Come on, you may not care for Ahmadinejad’s grandstanding and his Holocaust theories but give the Iranians some credit. They can’t be that dumb. More important, what would the Islamic republic, or whoever is behind it, gain with this so-called plot? Given the total isolation Tehran already finds itself in, increasingly facing the threat of a US-Israel attack as it does, Iran’s leaders would have to be really stupid and stark, raving mad to attempt something like this.

So what’s the reality of this plot or who’s behind it? I have no idea but we will know the truth sooner or later. What I know for certain though is this: This is a plot that directly helps the enemies of Saudi Arabia and Iran.

Writing in The Guardian, Julian Borger argues that the Washington plot would have triggered another devastating war in the Middle East. I couldn’t agree more with Borger. Indeed, I believe it could have set the whole region on fire. The region has already witnessed so much bloodshed and destruction over the past few decades.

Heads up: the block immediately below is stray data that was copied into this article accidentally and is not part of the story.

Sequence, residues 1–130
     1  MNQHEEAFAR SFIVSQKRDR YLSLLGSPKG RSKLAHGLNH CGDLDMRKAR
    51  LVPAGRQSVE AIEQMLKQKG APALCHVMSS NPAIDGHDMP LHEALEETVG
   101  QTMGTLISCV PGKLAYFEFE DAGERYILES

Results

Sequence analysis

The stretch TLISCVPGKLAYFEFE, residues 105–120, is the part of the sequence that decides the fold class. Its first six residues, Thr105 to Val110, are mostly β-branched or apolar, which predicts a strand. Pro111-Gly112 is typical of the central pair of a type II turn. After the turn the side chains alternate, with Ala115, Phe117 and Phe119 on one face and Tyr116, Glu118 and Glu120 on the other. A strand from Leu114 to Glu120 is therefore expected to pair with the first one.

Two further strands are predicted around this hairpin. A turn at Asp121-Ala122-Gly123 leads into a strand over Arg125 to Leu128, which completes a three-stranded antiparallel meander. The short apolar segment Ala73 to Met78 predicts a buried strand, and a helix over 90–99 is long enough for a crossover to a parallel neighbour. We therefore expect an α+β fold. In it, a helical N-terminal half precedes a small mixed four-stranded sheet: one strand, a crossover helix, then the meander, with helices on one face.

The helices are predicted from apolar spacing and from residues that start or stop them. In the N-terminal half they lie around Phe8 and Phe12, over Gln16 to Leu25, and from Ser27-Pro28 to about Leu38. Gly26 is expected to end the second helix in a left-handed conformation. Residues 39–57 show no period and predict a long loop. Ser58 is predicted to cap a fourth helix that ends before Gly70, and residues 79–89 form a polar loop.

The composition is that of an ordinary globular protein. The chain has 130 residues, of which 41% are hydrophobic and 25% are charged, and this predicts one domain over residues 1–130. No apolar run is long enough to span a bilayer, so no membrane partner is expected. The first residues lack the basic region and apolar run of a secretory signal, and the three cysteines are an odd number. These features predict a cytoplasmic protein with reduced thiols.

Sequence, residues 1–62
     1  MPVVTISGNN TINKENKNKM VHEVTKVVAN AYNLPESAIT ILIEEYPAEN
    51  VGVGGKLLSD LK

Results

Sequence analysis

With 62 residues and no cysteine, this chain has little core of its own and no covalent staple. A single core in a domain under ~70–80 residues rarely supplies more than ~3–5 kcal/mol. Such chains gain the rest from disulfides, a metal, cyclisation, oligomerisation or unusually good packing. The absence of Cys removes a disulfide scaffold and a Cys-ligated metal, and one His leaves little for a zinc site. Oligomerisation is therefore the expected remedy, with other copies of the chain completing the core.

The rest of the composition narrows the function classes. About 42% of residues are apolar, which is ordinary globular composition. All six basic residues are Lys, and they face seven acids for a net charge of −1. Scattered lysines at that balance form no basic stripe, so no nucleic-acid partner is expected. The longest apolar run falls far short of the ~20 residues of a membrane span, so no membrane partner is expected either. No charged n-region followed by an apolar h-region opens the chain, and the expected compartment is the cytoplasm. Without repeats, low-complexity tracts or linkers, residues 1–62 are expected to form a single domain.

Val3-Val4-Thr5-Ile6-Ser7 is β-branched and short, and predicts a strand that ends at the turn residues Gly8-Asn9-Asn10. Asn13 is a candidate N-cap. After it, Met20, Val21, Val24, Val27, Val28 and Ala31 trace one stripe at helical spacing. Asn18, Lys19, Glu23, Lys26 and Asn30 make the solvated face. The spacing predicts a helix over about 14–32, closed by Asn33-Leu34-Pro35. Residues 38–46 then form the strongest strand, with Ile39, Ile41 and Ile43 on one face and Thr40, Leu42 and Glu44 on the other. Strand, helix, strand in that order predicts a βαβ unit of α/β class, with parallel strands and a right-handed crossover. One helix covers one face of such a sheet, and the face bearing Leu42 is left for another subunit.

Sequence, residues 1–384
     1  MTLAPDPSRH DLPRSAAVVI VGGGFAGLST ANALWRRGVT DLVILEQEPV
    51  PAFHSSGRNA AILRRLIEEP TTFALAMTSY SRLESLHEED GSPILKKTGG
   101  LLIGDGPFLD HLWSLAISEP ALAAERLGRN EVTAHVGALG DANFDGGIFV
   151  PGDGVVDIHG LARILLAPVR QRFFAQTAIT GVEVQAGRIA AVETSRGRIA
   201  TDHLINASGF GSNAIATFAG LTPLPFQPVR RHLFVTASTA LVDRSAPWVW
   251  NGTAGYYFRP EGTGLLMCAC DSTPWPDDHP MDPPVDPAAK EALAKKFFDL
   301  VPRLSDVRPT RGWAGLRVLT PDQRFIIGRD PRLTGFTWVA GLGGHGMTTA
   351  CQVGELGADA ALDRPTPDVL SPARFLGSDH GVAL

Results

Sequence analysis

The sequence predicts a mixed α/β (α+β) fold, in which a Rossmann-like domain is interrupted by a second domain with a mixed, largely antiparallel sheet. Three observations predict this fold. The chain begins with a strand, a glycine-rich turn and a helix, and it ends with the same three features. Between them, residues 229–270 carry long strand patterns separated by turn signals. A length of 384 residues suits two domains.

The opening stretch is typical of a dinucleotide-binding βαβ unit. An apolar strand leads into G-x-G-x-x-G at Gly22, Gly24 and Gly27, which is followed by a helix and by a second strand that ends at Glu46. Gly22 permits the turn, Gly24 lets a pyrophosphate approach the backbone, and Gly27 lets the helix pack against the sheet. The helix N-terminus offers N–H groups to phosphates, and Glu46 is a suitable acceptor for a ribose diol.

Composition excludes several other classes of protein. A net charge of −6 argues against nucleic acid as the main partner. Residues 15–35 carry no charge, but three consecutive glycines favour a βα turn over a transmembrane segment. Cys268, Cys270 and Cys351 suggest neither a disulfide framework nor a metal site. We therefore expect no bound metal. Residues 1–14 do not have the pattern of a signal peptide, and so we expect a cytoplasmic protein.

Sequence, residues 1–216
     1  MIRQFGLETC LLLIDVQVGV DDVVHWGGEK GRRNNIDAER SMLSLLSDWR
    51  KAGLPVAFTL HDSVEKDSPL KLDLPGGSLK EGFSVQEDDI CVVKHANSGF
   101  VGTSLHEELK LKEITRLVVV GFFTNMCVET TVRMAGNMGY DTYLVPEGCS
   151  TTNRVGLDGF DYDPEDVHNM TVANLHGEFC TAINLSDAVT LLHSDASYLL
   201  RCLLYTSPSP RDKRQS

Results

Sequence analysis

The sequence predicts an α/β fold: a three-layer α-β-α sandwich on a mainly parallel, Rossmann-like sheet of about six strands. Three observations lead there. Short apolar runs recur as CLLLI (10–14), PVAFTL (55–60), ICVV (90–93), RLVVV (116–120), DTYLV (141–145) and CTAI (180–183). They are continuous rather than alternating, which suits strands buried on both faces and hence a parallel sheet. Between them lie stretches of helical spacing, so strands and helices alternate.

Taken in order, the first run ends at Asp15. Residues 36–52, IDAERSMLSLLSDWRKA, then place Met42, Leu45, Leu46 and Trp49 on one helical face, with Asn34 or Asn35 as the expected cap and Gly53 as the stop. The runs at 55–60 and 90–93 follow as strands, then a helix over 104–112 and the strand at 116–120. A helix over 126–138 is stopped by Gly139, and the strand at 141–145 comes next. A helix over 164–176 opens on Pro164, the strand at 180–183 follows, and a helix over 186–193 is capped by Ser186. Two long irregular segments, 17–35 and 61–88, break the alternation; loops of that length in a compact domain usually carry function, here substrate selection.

The Middle East has been on the edge over the potential US-Israel strike on Iran and possibly a full-fledged war. Against this backdrop, a plot against Saudi Arabia with finger pointing at Iran would have guaranteed a mutually destructive encounter between the two leading Muslim nations and the world’s biggest oil producers, to be followed by the inevitable US involvement sending the Middle East up in blazes.